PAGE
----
Go on, admit it, you’d never heard of Stephen Phillips until, on 4th November, he resigned as the Member of Parliament for Sleaford and North Hykeham, triggering an epidemic of speculation that Theresa May would call a “snap general election”.
The argument goes that such a snap election would increase the number of Conservative MPs in the House of Commons and so shore up her support in Parliament in the light of the High Court Ruling that a Parliamentary vote would be needed before Article 50 can be triggered to start the process of Britain leaving the United Kingdom.
We’ll possibly never know the real reason that Mr Phillips stood down, but his stated reason is bizarre. He claimed that the Prime Minister was ignoring Parliament and that he wanted to see closer scrutiny of her approach to Brexit. On the day that the High Court has made such scrutiny inevitable? Just as the new Select Committee on Exiting the European Union is getting its teeth into the issue? As inquiries by the new International Trade Committee and the Foreign Affairs Committee gather momentum? And as just about every other Committee of both the Commons and the Lords sets out an agenda for assessing the impact of Brexit on their policy area?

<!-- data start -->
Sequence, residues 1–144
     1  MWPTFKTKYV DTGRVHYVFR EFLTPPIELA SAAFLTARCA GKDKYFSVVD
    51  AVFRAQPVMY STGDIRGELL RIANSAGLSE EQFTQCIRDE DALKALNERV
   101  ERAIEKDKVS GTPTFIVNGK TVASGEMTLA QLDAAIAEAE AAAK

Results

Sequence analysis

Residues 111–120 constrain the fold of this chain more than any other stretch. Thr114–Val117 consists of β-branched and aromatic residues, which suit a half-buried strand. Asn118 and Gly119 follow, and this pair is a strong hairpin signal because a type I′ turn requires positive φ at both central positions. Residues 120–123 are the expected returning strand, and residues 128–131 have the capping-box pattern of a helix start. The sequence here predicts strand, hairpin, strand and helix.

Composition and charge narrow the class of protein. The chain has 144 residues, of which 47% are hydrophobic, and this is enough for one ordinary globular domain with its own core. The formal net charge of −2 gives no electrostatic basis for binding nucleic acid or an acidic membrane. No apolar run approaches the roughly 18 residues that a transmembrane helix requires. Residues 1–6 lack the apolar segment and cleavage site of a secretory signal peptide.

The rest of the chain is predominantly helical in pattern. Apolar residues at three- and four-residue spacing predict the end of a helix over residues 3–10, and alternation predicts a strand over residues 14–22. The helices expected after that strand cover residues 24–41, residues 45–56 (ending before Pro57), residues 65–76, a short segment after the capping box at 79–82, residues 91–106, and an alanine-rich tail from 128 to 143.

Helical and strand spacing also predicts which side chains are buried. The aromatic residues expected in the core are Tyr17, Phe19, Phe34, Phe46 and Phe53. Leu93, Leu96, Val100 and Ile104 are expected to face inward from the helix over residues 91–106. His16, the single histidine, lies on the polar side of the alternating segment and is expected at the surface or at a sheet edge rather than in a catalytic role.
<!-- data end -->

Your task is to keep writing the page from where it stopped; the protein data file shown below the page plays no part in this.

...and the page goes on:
From education to health, from overseas aid to defence, from home affairs to transport, almost every area of policy imaginable is being examined to ensure that Government has fully understood the opportunities and threats that leaving the European Union will create. And, whilst perhaps your author is dreaming, he would swear that he sees Mrs May every Wednesday taking questions from members of every political party and every point on the spectrum from “Remain” to “Brexit”; and that not one, but three other Secretaries of State (Liam Fox MP, Boris Johnson MP, and David Davis MP) are regularly scheduled to take similar intensive questioning at the Despatch Box and when summoned before the Select Committees.
Something simply doesn’t add up about Stephen Phillips’ decision. Maybe it’s that in his six years in Parliament his political curriculum vitae gained only twelve words reflecting a bit of work on committees, so minimal has been his involvement. But, whatever his motivation, this is hardly a great political loss to Mrs May and her Party.
And no, there won’t be any “snap general election”.
There are many reasons for this. First, is that the Fixed Term Parliaments Act would need to be either invoked (a two thirds majority) or repealed (a simple majority). This would, either way, involve in practice a motion of no confidence in Theresa May’s Government being moved by Theresa May! It would be political madness.
What’s more, Labour would be terrified of a General Election right now. They would suffer huge losses to Ukip in the North of England and to the Conservatives in the South and South East. Turkeys don’t vote for Christmas, and Labour MPs would like to enjoy three and half more years of their comfortable life, thank you very much.